It's a freezing cold day inside the National Ice Core Laboratory (NICL) in Denver, Colo., as it is every day of the year. That's because the NICL is a facility for storing and studying ice cores recovered from the polar regions of the world. It's minus 10 degrees Fahrenheit inside, so everyone is bundled up in ski parkas, insulated gloves and boots. And, saws are buzzing, as scientists from all over the U.S. are measuring and cutting pieces of precious Antarctic glacier ice to take back to their labs for research. While their research goals vary, all the scientists are here on this day for same thing - ice cores from the WAIS Divide Ice Core project.
Studying ice cores at the National Ice Core Lab, Dr. Richard Alley shows how ancient ice contains records of Earth's past climate. Over 400,000 years, and even longer, levels of carbon dioxide (CO2) have risen and fallen from about 180 parts per million to 280, varying from colder in the Ice Ages to warmer in interglacial periods. Today, however, for the first time in more than 400,000 years, CO2 is at 390 parts per million and continuing to rise at 2 parts per million (ppm) per year. Alley relates the onset of this change to the Industrial Revolution.
This excellent short video, filmed during the 2010 WAIS Divide core processing line (CPL), provides a good summary of how many CPLs are carried out at the National Ice Core Laboratory (NICL).
The video was filmed and produced by Logan Mitchell at Oregon State University.
At the Stable Isotope Lab in Boulder, Colo., scientists are doing a lot of the same things that those CSI folks do on TV. But instead of being "crime scene investigators," these experts are more like "cold scene investigators." Geoscientists like lab director Jim White work primarily with one raw material: ancient ice, in the form of ice cores.
The ice cores come from Greenland and Antarctica. And, says White, they hold secrets from thousands of years ago.
CarbonTracker, a project of the U.S. government's National Oceanic & Atmospheric Administration's Earth System Research Laboratory, has produced a telling time-lapse video chart of CO2 (Carbon Dioxide) concentrations starting in January of 1979 and ending in January of 2011. Measurements were taken in dozens of locations around the world (the red ball measures CO2 in Hawaii and the blue dot measures CO2 at the South Pole). You'll notice the dramatic run up in CO2 concentrations since 1979 in comparison to the previous 800,000 years of history. The ice core CO2 data starts at roughly the 2:00 minute mark.
Bess Koffman, PhD Student at the University of Maine, explains how ice cores are used to study global climate change.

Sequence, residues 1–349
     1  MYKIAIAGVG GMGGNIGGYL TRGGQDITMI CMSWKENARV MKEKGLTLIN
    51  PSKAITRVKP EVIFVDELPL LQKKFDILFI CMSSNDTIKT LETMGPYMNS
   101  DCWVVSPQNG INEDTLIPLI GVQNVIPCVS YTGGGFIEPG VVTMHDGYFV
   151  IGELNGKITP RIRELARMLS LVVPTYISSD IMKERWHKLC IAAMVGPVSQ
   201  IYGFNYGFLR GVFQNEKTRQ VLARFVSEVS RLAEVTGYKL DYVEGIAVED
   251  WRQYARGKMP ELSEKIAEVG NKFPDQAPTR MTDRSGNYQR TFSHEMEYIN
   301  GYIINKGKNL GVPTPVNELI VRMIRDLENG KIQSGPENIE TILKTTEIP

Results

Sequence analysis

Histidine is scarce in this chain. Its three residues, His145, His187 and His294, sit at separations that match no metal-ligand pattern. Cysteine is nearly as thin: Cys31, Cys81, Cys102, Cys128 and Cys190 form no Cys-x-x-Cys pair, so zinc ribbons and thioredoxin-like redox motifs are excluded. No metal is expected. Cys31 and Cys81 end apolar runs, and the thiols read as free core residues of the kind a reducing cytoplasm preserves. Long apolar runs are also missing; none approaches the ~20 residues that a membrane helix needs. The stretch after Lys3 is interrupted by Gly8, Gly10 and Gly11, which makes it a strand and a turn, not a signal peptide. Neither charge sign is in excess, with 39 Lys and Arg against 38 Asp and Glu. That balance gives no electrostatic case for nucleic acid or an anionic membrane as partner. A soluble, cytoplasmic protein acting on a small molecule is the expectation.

South Dakota State Univ. chemistry professor Jihong Cole-Dai and colleagues have discovered evidence of a previously undocumented volcano whose eruption may have contributed to the climate change in the early 1800s.
Their ice core research sheds light on the cause of "the year without a summer" and may help scientist better understand the causes of climate change and global warming.
This 20 minute video explains how ice cores and climate models are used to predict future climate. No warm and fuzzies, just the science. Travel with a scientist from his field site in Antarctica where ancient ice is collected, to the labs where measurements are made to determine how greenhouse gases change climate, to the computer facilities used to predict future climate.
A widely circulated piece of climate denial nonsense purports to use legitimate evidence from greenland ice cores to debunk the record of global warming.
Displaying temperature records out of context, and making the claim of legitimacy by citing the data, and it's primary author, Dr Richard Alley, this popular propaganda piece pretends to be based on actual evidence, when it is anything but.
Further explanation here:
UMaine researchers study the effects of climate change in Denali National Park.
In July of 2009, Climate Central senior research scientist Heidi Cullen traveled to Greenland with a production team from StormCenter Communications to visit the North Greenland Eemian Ice Drilling Project, or NEEM. Scientists from 14 nations gather together each summer in northern Greenland, where they work to drill a core of solid ice, looking into the past for clues to future climate change.
In May and June 2007, Mary Albert (CRREL) and Jeff Severinghaus (Scripps) led a team of 9 researchers and 3 drillers in a 3-week project to drill down through nearly 125 meters of "firn" and ice close to NSF's Summit Station, Greenland. "Firn" is multi-year snow before it's transformed into solid ice through the pressure of layer upon layer of new snow each successive year. Understanding the physical structure of the firn and the gases trapped in it, is essential to properly interpreting the ice core record, and understanding what cores reveal about Earth's past climate.
ARMY.MIL - U.S. Army Corps of Engineer scientists, including Mary Albert, spent months in the coldest place on earth drilling ice cores.
Professor Richard Alley reports from Greenland on the biggest climate change study since the last ice age. By drilling down into the ice scientists are able to chart the temperatures of the last 100,000 years, and the results are somewhat surprising. Fascinating clip taken from the BBC Horizon programme Big Chill.